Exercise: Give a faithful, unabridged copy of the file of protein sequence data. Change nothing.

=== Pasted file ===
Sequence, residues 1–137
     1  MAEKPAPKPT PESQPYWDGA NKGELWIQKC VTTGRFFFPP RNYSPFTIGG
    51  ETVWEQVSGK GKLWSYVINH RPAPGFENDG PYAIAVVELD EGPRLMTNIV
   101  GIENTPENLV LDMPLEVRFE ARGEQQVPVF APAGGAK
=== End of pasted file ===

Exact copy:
Sequence, residues 1–137
     1  MAEKPAPKPT PESQPYWDGA NKGELWIQKC VTTGRFFFPP RNYSPFTIGG
    51  ETVWEQVSGK GKLWSYVINH RPAPGFENDG PYAIAVVELD EGPRLMTNIV
   101  GIENTPENLV LDMPLEVRFE ARGEQQVPVF APAGGAK